Minnesota - Fatal Car Crash Statistics
The nation saw 32,166 fatal motor crashes in 2015 with a total of 35,092 deaths as a result. These numbers represent 10.9 fatalities per 100,000 people and 1.13 fatalities per 100 million miles driven. The number of fatal crashes in Minnesota during 2015 was 375 with 411 total people killed on roadways. Michigan has 9.7 fatalities per 100,000 people, and 0.98 deaths per 100,000,000 miles traveled. These numbers are below the national average.
The Insurance Institute for Highway Safety (IIHS) Highway Loss Data Institute (HLDI) publishes a yearly report using data collected through the U.S. Department of Transportation. The report provides useful information and allows comparisons to be made between states. Nationwide, 55% of crash deaths happened in single-vehicle accidents. Minnesota has the smallest percentage of single-vehicle crashes in the country with 47%. 33% were reported in urban locations while 67% were in rural areas.
Minnesota Vehicle Crash Facts
The Minnesota Department of Public Safety publishes an annual report called Minnesota Motor Vehicle Crash Facts. It provides information and details about the fatal vehicle accidents in the state. The report is utilized by traffic safety partners, legislators, media and the public.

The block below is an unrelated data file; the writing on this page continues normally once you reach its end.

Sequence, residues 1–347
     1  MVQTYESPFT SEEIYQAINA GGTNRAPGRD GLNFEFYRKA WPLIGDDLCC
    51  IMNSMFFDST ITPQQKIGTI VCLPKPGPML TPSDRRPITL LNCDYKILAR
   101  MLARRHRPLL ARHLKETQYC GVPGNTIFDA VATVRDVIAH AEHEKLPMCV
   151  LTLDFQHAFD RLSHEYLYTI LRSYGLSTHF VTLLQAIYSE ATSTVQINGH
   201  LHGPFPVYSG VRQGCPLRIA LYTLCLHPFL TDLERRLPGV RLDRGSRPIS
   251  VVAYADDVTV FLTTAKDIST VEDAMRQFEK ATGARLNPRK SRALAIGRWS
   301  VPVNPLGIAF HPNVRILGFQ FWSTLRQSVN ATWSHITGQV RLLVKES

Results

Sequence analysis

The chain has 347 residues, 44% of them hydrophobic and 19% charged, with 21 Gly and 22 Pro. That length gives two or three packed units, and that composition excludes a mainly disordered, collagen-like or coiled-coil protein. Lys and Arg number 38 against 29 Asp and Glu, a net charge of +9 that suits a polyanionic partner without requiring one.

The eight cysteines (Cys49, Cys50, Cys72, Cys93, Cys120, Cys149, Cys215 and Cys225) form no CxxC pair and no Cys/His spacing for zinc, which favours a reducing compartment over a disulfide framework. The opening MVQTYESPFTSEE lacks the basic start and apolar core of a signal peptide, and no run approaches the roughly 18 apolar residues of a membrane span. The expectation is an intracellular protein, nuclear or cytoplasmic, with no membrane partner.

According to the report, the top four factors that contribute to fatalities on Minnesota roads include:
- Distracted Driving
- Driving while Impaired
- Failure to Use Seatbelts
In 2015 there were 78 fatalities attributed to speeding, 74 linked to driving while distracted, 95 because of drunk driving and 91 people died who were not using a seatbelt.
On average, there were 205 reported crashes a day in the state resulting in 1 death and 82 injuries. 2015 saw an increase in traffic deaths, up 13.9% from 2014. This number was the highest in more than 5 years after having had a continuous decline. Traffic fatalities are the leading cause of death in young people, and 113 of those who lost their lives were under the age of 30. The National Safety Council states that crashes are the leading cause of death among people ages 1 through 34.
Most fatal traffic accidents happen during the morning and evening rush hours, between the hours of 6 a.m. to 9 a.m. and again from 3 p.m. to 6 p.m. This period is a change from the 1990’s when most crashes happened in the overnight hours.
Toward Zero Deaths
Minnesota has been active in an initiative called Toward Zero Lives. Part of a nationwide program, the goal is to reduce overall accidents and deaths on the road. There are a number of programs that are used to educate the public and provide information that is designed to help drivers become safer behind the wheel. The program has been working but more still needs to be done. The goal is to reach 300 deaths per year by 2020.